7. 7. Digital technologies assessment resource is available online. Read how Lincoln High School students put it through its paces. Students achieved NCEA level 1 credits by creating websites aimed at informing teenagers and children about staying safe on the roads. Members of the year 11 class say it was a challenge to use design and function effectively to communicate their messages. Design needed more thought than just running with what looked pretty. ‘I took my website’s purpose and brainstormed all the things it related to, until I found one I thought would work as a design theme,’ says one student. Here’s how teacher Christine Hamilton supported her students: • Downloaded the NZ Transport Agency QAAM certified Level 1 digital technologies assessment resource from: education.nzta.govt.nz/resources/secondary. • Adapted the resource to create a teaching plan that used achievement standards 91046 and 91073 for assessment. • Took students through a technology practice process including brief development, meeting stakeholders, concept design and website development. Students chose their concept and their target audience. ‘They owned it, they were more enthusiastic about it, rather than if I had said we’re all going to do this one topic,’ says Christine. Stakeholders who met the class included web developers Paul Hutton and Melissa Fenwick, and Carolyn Bennison, youth road safety advisor at Selwyn District Council. ‘I showed them the various media used to promote road safety messages, and why it is important to know your target audience and how to best reach it,’ says Carolyn. NCEA STUDENTS CREATE ROAD SAFETY WEBSITES They were very enthusiastic and fully engaged. They were interested in each other’s websites and commenting, giving feedback on the content in relation to target audiences. CHRISTINE HAMILTON Lincoln High School Several students said their time and effort designing websites helped reinforce what they learned from researching road safety. KIA PAI TO HAERE IS A FLEXIBLE CURRICULUM RESOURCE FOR MĀORI-MEDIUM KURA AND CLASSROOMS This resource provides guidance for kaiako planning contextualised learning. It is based on a kaupapa that keeping whānau safe on a journey is everyone’s work. The resource is designed using SOLO Taxonomy, Te Marautanga o Aotearoa and Te Aho Matua. It is written by experienced educators Maria Sheridan and Ruth Tate in consultation with Pam Hook. The resource develops, connects and extends student understanding so that they can create actions (or resources) that will help keep our people safe on a journey within the wider road network. Learning areas: Te Reo Māori, Pāngarau (Maths), Pūtaiao (Science), Hangarau (Technology), Tikanga-ā-Iwi (Social Sciences), Ngā Toi (Arts), and Hauora (Health). Levels 1 to 4. Freely available to download, modify and use: education.nzta.govt.nz/resources/primary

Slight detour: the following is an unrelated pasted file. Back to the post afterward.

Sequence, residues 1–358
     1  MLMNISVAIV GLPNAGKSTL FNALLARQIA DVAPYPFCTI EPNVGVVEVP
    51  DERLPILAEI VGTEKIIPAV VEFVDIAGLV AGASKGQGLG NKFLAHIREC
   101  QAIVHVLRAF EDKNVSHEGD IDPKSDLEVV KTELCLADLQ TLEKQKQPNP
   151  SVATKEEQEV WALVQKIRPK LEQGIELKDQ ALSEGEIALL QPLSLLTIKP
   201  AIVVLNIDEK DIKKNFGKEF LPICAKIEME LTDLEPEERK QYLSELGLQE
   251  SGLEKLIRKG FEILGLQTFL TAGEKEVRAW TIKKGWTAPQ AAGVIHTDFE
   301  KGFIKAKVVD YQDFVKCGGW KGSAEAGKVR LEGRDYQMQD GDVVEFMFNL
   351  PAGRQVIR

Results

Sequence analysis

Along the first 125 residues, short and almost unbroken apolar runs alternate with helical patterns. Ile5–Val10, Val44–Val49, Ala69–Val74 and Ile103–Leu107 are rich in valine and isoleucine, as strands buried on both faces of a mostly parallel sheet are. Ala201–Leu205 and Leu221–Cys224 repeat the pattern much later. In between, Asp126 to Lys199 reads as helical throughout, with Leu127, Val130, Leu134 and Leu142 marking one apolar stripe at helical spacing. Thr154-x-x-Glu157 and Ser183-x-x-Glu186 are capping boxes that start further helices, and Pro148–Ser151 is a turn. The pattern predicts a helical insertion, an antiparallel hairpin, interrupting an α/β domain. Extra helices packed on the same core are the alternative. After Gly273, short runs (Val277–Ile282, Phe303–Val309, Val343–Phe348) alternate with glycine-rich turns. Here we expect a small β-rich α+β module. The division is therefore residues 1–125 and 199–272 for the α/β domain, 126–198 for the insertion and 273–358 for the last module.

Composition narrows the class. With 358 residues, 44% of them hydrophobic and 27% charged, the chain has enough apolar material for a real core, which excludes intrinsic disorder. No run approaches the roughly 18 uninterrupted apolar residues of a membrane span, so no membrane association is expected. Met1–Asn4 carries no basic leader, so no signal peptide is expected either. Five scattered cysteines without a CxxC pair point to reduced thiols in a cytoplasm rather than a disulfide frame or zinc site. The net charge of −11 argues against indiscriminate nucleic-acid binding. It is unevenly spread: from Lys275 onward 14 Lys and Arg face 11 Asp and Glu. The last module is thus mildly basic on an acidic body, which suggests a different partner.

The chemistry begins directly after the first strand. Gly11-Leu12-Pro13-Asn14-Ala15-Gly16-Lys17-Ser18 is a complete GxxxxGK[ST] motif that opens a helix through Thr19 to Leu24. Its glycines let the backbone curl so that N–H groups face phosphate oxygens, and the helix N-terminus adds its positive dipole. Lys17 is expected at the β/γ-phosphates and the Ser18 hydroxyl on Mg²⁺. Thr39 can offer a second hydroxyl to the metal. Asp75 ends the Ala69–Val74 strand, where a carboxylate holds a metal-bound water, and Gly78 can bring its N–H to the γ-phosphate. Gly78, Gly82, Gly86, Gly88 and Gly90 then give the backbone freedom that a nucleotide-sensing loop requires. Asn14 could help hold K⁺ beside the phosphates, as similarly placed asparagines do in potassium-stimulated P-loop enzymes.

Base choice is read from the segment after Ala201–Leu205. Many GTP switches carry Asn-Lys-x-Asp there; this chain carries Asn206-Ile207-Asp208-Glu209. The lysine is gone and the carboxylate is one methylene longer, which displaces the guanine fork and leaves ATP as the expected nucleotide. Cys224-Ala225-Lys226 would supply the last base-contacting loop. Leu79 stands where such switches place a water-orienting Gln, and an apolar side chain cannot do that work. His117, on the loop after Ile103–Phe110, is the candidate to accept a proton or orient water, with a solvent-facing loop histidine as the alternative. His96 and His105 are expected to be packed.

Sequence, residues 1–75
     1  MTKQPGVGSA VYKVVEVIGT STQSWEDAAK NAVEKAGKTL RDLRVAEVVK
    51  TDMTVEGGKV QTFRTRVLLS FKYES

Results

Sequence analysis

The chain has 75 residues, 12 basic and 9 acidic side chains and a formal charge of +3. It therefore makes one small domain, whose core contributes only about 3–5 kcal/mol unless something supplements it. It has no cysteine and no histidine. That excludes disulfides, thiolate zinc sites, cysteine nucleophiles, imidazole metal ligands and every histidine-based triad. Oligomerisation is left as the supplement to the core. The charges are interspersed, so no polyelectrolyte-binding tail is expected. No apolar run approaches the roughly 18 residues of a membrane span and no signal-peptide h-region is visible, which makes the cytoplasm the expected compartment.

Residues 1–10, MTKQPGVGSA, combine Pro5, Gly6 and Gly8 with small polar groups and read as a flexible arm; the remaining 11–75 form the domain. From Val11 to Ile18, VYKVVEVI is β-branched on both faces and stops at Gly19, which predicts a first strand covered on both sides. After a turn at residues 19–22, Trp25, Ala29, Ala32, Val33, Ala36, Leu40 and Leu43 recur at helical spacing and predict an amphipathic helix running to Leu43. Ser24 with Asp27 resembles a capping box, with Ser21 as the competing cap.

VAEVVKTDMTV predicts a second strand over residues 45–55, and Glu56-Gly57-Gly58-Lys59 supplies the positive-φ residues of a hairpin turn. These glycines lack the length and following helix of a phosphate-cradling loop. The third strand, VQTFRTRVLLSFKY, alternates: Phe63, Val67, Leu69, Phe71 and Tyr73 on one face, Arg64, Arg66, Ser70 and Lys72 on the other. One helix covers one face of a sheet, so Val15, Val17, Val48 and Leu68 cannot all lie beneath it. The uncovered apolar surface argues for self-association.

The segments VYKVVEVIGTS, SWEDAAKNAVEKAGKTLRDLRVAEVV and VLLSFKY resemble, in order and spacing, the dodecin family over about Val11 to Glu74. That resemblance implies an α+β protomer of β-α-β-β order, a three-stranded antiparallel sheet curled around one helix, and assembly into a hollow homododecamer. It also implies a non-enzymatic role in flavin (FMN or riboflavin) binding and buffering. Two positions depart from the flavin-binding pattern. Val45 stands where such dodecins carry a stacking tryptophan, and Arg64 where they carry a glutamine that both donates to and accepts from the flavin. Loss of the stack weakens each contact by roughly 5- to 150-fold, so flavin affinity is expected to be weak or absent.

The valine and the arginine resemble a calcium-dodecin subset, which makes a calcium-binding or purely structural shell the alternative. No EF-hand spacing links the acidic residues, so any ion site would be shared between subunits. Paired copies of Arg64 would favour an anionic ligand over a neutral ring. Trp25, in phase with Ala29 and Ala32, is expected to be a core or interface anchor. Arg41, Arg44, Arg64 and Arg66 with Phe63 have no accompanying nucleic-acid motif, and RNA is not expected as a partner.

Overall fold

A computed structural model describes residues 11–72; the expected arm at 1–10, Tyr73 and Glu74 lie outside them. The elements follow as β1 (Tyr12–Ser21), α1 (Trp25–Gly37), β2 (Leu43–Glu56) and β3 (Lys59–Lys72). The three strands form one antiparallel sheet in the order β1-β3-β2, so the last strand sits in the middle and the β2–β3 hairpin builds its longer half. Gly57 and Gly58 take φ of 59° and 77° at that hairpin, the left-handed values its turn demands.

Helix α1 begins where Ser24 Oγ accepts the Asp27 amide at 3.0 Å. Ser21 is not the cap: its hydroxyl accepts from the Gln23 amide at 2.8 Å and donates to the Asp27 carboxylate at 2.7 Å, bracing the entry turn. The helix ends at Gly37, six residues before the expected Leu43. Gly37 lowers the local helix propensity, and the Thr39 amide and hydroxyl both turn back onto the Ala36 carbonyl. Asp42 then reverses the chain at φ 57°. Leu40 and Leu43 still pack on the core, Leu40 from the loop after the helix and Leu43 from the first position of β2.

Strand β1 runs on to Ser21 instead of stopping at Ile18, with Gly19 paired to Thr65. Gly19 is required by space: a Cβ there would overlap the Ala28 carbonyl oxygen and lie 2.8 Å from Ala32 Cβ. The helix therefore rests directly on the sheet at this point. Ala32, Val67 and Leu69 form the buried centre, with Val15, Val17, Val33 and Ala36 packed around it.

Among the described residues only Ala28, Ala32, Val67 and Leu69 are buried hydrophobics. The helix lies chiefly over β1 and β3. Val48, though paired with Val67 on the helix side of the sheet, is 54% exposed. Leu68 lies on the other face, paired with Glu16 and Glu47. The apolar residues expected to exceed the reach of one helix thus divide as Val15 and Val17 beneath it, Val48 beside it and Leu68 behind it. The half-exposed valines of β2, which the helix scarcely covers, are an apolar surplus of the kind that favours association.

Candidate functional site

8. 8. find party in the car and other curriculum resources online:education.nzta.govt.nz/resources background to nz road safety campaigns: www.nzta.govt.nz/about/advertising Braden Faavae, a secondary English teacher, adapted NZTA curriculum resources to add depth to study of advertising. A memorable ad on TV or in print might rouse your emotions, stick in your mind and become a topic of conversation. It’s another matter whether the ad achieves its purpose. With road safety campaigns, the ultimate outcome is safer behaviour by road users. ‘Getting it right may save lives,’ says Braden, who is a learning advisor for English at Christchurch secondary school Unlimited Paenga Tawhiti. In Term 1, Braden helped his year 11 and year 13 classes analyse road safety advertising as examples of visual texts. He used the NZ Transport Agency NCEA resource Party in the Car as a starting point for planning his unit. Braden says he experienced rich, invigorating conversations with both classes, due in part to the significance of road safety as a social issue. Many students are or soon will be novice drivers and they could see the relevance of road safety to their own lives. ‘It’s given a greater sense of purpose about what we’re doing. We’re looking at current and historical issues in New Zealand about how we relate to each other as a society. Having that behind us enables us to have much deeper conversations about the advertising.’ Braden showed students examples from leading road safety campaigns here and overseas, to demonstrate textual elements which are designed to generate change. Analysing these examples helped students think critically about advertising in general because the same techniques are used to promote sales of everyday products like soft drink. The classes went on to create their own concepts for road safety campaigns. Their brief was to focus on risk factors that young drivers are less aware of, such as night driving and getting distracted by passengers. It’s given a greater sense of purpose about what we’re doing. Braden Faavae, Unlimited Paenga Tawhiti NTA 15823 Education Portal News - Issue 13 v3.indd 2 2/05/13 4:45 PM